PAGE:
Math In Kindergarden

Math Instruction in Kindergarten

Classroom Teacher:  Emily Puente

Instructional Strategist: Sherry Johnson

Math Requires Authentic Instruction


The Math Activity

applesDuring the month of September we completed different math activities with red, yellow and green apples. We loved these activities because it promoted different areas of our school curriculum within one thematic unit. We used the apples for counting, graphing, measurement, patterns and tasting. I had each student bring in one red, one yellow and one green apple. The first thing that we did as a class was sort the apples by color, then we sorted the apples by size. After we sorted the apples, we used them for measurement. We measured the circumference of the apples, the height of the apples and we checked to see if the apples would sink or float. We counted the apples by 1’s, 5’s and 10’s. We also used the apples to make different predictions. We predicted which apple flavor would be our favorite. After we predicted, we tasted the three different colors of apples, then we graphed our results on which kind of apple was our favorite. We assessed our students with inquiry based questions about apples. This helped me know and understand if my students mastered the skills that were taught with the hands-on learning that took place.

This Activity Promotes Higher-order Thinking Skills

apples 4These different activities are full of higher-order thinking skills. My students are hypothesizing, explaining and generalizing their own ideas with other students (Villate, 2015, slide 5). While completing the different activities, my students are making a hypothesis about that they think the results are going to be with the apples. They are predicting how many apples we have, do the apples sink or float, what do the apples taste like and which flavor will be their favorite. The students record their predictions on index cards. After they find out the results of their predictions, they check their hypothesis with the answer. The complex thinking that my students experience while doing each of these different activities helps them remember their learning.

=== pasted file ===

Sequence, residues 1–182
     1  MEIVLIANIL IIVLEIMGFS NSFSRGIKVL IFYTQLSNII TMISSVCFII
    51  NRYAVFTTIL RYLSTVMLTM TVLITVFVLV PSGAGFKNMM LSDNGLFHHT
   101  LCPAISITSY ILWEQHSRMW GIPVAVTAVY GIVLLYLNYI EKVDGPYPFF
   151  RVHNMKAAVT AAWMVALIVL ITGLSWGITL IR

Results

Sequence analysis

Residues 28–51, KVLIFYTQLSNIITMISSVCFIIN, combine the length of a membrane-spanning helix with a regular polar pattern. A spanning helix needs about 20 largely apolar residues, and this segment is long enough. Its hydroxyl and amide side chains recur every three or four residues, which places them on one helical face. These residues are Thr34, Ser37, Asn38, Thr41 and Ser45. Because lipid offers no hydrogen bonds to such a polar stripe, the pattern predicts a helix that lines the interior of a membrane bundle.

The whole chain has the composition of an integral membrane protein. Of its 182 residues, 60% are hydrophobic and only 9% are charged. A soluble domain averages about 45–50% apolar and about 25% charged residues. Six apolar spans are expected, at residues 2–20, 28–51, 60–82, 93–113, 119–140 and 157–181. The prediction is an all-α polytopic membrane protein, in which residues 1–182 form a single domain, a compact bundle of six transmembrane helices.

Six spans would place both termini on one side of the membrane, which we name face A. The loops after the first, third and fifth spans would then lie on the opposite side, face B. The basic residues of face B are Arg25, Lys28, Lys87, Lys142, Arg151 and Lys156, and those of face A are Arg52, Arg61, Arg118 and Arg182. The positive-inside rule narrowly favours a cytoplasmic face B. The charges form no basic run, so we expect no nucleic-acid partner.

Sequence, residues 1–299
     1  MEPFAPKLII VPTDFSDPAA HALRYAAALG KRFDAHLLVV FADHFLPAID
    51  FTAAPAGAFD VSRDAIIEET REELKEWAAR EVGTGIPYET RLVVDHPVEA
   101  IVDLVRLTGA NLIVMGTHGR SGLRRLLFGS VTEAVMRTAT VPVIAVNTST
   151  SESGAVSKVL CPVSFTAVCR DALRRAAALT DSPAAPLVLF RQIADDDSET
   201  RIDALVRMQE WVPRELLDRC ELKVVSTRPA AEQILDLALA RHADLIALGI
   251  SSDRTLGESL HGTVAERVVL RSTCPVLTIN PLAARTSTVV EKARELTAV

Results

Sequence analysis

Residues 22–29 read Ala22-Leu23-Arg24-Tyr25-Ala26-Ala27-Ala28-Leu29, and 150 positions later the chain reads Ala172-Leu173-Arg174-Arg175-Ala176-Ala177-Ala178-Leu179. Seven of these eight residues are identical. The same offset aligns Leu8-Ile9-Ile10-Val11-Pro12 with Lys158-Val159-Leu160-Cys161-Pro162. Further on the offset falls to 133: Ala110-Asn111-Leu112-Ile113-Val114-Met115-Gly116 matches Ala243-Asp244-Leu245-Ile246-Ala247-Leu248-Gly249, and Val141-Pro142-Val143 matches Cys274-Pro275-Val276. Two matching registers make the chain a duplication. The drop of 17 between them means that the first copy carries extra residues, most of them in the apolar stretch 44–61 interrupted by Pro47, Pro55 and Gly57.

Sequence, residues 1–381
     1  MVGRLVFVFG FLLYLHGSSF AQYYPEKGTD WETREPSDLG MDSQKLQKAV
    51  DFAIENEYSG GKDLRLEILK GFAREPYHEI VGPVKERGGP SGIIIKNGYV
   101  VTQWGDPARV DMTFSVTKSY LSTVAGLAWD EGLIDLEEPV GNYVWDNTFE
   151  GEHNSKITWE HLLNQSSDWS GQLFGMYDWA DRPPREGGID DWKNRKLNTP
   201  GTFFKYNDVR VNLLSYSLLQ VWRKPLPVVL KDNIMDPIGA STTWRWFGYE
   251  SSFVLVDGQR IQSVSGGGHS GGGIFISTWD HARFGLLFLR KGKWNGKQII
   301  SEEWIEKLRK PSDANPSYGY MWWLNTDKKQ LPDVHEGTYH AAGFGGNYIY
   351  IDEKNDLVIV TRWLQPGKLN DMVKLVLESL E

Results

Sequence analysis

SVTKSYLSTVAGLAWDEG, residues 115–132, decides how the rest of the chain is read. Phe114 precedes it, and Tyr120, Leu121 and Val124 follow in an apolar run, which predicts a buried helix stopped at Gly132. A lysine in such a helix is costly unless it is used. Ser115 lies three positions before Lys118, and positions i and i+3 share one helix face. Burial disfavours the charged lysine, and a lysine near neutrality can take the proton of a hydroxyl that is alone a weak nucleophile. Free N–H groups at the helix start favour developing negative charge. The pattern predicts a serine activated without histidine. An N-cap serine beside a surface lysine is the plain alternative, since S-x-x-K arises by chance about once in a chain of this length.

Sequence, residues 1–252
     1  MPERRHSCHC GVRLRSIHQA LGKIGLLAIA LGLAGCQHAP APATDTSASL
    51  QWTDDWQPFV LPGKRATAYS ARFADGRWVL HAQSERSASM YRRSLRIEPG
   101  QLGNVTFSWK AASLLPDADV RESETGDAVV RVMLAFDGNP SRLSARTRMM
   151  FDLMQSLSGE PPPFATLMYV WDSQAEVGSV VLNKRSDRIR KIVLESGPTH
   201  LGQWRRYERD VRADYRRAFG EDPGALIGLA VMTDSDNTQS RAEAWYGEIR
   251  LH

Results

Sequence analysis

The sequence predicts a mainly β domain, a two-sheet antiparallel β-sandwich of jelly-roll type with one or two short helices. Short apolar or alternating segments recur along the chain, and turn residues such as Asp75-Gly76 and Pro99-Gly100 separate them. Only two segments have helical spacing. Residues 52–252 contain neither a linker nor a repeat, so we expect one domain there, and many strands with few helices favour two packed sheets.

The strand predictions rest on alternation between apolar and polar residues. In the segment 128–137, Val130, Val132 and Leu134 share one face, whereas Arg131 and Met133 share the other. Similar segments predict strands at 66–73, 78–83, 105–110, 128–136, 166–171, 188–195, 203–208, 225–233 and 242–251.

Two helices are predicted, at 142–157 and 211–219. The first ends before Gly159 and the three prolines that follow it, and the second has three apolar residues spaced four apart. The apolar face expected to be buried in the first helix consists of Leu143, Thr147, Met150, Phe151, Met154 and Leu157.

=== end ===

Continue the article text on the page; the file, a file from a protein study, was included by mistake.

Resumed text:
This Activity Promotes Inquiry-based Discovery

apples 3This activity was perfect for inquiry-based discovery. My students were able to use hands-on materials to investigate their learning, while activating their existing knowledge bases to question the unknown (Villate, 2015, slide 5). My students had not experienced putting an apple in water to see if it floats or sinks. Giving my students the opportunity to experience putting the apple in the water helped them answer their own questions to the unknown. My students had also never predicted before how many apples were in a large group. My students had to make a hypothesis about how many apples they thought we had all together. After they made their hypothesis, we counted the apples as a class. My students also learned how apples grow, where they come from and if it is a fruit or a vegetable. Learning this information helped my students gain insight on new information that they were unfamiliar with about apples.

This Activity Connects Students to the World

Apples are a part of our life. They apples 2are a food that keeps us nourished. I feel like the more that my students learn about things that are in our life, the more real the information will become. All of my students knew what apples were, but they all did not know the different aspects about apples. They were unfamiliar with sinking or floating, measurement, making a hypothesis, etc. My students were able to use their knowledge of apples, to connect with the real world around them. They will take the knowledge and information that they have learned and apply it to real life. This will help them as grown adults make decisions about what kinds of apples they need for eating and cooking. They will be able to decipher between the different kinds of apples and how they are different.

This Activity Promotes Mastery

During the activity I asked my student inquiry based questions. I called each of my students over to my reading table one by one during another portion of my day, to ask each student questions. This helped me to gain an understanding of what each student in my class learned from all of the different math activities. I also observed my students when we were completing the activities, to check to see if they were completing the work and understanding the meanings behind their results. Conversation was a key component with helping me understand if the students were understanding. I checked for mastery with having conversations with my students. I wanted my students to be able to verbalize their understanding of the taught material and to be able to justify their thinking.


Villate, V. Instructional models [PDF document]. Retrieved from Lecture Notes Online Web site: 13053475_1/courses/PEDG_5370_T02_2015_60_AP1/Assets/PEDG%205370% 20Week%203%20Slides%20and%20Script.pdf